By Daniel A. Reingold, President and CEO of RiverSpring Health; The Weinberg Center Team: Joy Solomon, Director and Managing Attorney; Deirdre Lok, Assistant Director and General Counsel; Malya Levin, Staff Attorney; Glendalee Olivera, Elder Abuse Specialist; Brooke Santoro, Community Outreach Specialist
At 92, Janet, a retired teacher, still lives in the Brooklyn apartment she and her husband purchased as newlyweds in the 1950s. Even after her husband passed away ten years ago, Janet was still a familiar presence in the community—singing in the church choir and leading meetings of a local quilting club.
Then one summer, Janet found out she had breast cancer. Her only possible caregiver was her 55-year old daughter, an undiagnosed manic-depressive who often self medicates with alcohol. Shortly after the daughter moved back in with Janet, she began helping herself to her mother’s ATM card and the pain medication her mother’s doctor had prescribed for the side effects of chemotherapy.
Soon, strange bills began to arrive at the house, but Janet, improperly medicated, weak from chemo and the psychic burden of her daughter’s anger, could not bring herself to open them.
Janet no longer makes it to church or quilting club and neighbors often report shouting coming from the family home. Friends have not intervened because they think it’s none of their business and what could they do?
Janet’s neighbors' silence is at the root of a crisis for her and millions of other older adults,
Ask a New Yorker if they support the global elder justice movement and they will probably say "yes." Ask them to define what elder justice means or how they might help, and most often silence is their response.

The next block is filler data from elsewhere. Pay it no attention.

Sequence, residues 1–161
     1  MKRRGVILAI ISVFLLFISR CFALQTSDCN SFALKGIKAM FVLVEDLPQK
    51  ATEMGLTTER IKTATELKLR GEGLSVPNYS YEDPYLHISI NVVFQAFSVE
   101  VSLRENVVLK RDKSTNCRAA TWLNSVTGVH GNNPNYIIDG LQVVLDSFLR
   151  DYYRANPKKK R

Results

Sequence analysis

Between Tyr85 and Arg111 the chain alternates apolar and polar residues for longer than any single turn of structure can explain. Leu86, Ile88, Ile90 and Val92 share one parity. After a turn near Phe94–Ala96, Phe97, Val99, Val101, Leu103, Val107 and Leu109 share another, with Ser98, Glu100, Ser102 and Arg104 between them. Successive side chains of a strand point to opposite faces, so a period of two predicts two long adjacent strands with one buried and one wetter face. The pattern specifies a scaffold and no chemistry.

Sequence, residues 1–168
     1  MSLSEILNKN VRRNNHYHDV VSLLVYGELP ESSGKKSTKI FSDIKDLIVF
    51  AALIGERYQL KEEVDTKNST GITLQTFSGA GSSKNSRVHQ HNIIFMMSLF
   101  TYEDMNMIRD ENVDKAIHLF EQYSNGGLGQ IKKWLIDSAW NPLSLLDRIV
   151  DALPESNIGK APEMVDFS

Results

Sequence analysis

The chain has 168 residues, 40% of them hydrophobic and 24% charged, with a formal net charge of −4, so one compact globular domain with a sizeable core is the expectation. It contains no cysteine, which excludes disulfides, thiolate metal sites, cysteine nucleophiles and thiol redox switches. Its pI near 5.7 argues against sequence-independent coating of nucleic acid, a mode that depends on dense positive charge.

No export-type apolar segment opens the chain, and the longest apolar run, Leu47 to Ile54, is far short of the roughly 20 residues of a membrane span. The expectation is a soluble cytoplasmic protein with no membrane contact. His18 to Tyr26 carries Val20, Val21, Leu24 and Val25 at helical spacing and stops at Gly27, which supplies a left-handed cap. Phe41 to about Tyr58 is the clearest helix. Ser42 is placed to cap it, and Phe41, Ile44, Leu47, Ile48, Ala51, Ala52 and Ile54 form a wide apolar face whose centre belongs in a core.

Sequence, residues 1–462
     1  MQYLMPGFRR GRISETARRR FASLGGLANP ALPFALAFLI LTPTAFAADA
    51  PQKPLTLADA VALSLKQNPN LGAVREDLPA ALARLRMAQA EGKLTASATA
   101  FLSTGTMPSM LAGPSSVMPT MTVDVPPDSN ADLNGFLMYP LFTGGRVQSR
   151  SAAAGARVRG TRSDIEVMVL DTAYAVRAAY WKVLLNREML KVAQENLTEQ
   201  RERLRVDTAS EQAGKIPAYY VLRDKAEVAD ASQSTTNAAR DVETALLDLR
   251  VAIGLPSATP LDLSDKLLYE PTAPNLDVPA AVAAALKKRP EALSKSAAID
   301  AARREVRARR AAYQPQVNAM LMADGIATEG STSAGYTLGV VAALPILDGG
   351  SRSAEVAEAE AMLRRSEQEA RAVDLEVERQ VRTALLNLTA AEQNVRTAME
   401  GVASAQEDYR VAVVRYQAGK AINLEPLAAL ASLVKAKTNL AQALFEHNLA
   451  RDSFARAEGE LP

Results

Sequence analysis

According to the federal Administration of Community Living, an estimated five million older adults are abused, neglected or exploited every year in this country. This abuse could be physical, emotional, financial or even sexual, and is most often a combination of types and tactics, usually perpetrated by a family member or trusted friend.
Financial abuse is particularly rampant, with over 2.9 billion dollars taken from older adults every year. Strikingly, a 2011 study of older adults in New York State found that only one in twenty four cases of elder abuse are reported to law enforcement or social services agencies. Most abuse victims suffer in silence, out of sight of the network of social and government supports that might be able to assist them.
That’s where elder justice comes in. The elder justice movement begins by recognizing the systemic biases that exist which help abuse to begin and flourish undetected. Whether it’s ageist assumptions that older adults can’t reliably report abuse or our health care system that incentivizes interventional procedures over preventive care, a lack of support for the growing number of informal caregivers or the prevalent belief that youth is synonymous with value, powerful cultural paradigms allow elder abuse to thrive. Elder justice means shifting the conversation in all of these arenas, and advocating for change.
Stopping the Devastation